Sunday, October 26, 2014

Ten great activities for Halloween!

We've shared Halloween apps already, so here is a post with other Halloween-themed activities for the week. I'm planning on using several of them in my therapy activities this week, especially any therapy sessions on Friday (because I know they won't be able to focus otherwise!)

First up, how cute is this rhyming game? This has a free download for the rhyming pictures, all set to print on labels. Or print on plain paper and glue on to whatever you use.

Find this activity, as well as a candy corn alphabet printable, on the Make, Teach & Take blog.

This activity is a simple printable, with instructions right on the sheet to target following temporal directions. I think there are other fun uses for it, too, including articulation, vocabulary and classification. It would be good to use for progress monitoring, too, for any other teachers and speech-language pathologists who are nearing the end of a grading period.

Find this activity on Ms. Lane's SLP Materials website.

I found this activity on Teachers Pay Teachers, from Karen Jones. It's a free resource for teaching addition and subtraction of tens, with first or second grade students. It includes instructions, a hundreds chart and two different worksheets. This is a great activity for students learning to understand the concept of 10s.

Check it out as a free download on Teachers Pay Teachers.

I'm not a big fan of vampires, but this handprint activity is pretty adorable. And after I found this activity, I saw links to many more Halloween crafts on this great blog, including a melted crayon pumpkin decoration, a Halloween-themed Oreo snack and a paper plate witch craft.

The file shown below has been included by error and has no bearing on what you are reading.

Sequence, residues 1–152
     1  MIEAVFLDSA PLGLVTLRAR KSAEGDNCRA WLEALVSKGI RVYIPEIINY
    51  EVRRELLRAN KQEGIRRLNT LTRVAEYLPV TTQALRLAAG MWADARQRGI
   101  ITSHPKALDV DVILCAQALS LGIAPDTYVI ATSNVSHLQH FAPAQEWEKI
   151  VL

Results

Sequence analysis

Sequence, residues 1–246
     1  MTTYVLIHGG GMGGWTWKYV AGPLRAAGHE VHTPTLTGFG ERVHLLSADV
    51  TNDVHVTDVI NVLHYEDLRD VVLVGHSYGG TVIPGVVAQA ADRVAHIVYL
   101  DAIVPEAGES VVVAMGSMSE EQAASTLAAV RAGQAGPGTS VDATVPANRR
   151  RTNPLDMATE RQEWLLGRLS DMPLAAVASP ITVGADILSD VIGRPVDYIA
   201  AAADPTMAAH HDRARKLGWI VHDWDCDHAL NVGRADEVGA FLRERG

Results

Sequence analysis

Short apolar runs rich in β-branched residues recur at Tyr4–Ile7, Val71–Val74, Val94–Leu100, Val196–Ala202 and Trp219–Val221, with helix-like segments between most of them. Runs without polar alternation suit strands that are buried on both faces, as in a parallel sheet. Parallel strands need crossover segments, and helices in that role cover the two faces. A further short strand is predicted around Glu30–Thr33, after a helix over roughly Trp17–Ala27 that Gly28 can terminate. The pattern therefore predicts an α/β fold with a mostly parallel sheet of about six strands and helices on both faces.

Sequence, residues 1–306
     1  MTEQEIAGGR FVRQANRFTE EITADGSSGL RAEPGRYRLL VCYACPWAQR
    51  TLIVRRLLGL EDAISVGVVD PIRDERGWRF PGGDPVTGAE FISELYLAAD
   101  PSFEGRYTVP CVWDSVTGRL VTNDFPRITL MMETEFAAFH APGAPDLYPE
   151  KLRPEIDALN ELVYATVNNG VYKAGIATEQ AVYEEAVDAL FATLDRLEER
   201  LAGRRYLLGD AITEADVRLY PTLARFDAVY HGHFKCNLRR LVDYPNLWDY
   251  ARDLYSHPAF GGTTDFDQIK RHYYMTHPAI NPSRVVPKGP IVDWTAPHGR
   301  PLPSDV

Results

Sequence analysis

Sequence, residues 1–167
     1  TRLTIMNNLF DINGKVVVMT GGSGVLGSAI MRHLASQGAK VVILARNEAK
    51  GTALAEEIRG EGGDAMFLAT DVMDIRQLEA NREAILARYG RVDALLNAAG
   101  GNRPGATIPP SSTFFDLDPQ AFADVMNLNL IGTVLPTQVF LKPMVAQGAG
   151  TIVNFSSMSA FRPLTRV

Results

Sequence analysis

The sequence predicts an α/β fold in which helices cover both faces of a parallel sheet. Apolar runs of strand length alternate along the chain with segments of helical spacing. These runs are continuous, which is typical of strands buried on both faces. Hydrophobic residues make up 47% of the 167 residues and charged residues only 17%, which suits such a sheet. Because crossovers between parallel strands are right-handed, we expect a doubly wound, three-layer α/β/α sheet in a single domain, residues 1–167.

Find the Handprint Vampires on the Crafty Morning blog (and be sure to browse around for even more activities!)

Someone creative in my church made these cute spider cookies with rave reviews from my kids who could eat them. Enough that my gluten free kid thought I should tackle them for him to try. They're amazingly cute for a themed cookie, and don't look too hard, either.

Look for the recipe and great visual directions from Sommer Collier on A Spicy Perspective.

This page has numerous Halloween printables, including coloring pages, writing paper and a word search. Good for some free time activities, or just a little time to settle down in the midst of the excitement of the day.

Find the printables on the website.

I've seen these cute spiders several times in the past few years, and have always wanted to make them for speech sounds--each student can make a spider and list words that contain their target sound. This year might just be the year I can pull it off. It can be used for so many goals, including Halloween vocabulary, digraphs, even math. It's billed for a graphic organizer, which is another great idea.

Find this fun spider activity on The Lesson Plan Diva blog

This printable book is so cute I was sure it would be paid, but it's actually free! It's great for reading with students and helping them pick up on patterns, though it isn't really decodable for most young readers. I've already printed it for the students I work with. It would be a fun choral read with kindergarteners or first grade students, too.

Find this adorable monster book on the Measured Mom blog.

This handy page links up to 25 different science activities for Halloween. Many of these would be great fun at a class Halloween party--take the focus off of candy and do some fun exploration. They range from easy (sink or float pumpkins) to really complicated (use a brain mold to make a brain to explore).

Find the links on the Creekside Learning blog.

Finally, find free songs and rhymes for Halloween on this page. Even better, it's not just the words, but a link to a YouTube video for each one! I love this idea. I know a teacher at my school who will love these for Circle Time (even if it's just to refresh her memory before teaching them to the kids!)

Find the links on the Living Montessori Now blog.


Heather H might have to let all trick-or-treaters take out their own candy from the bowl, to avoid giving them the trick of germs from the cold that won't leave.

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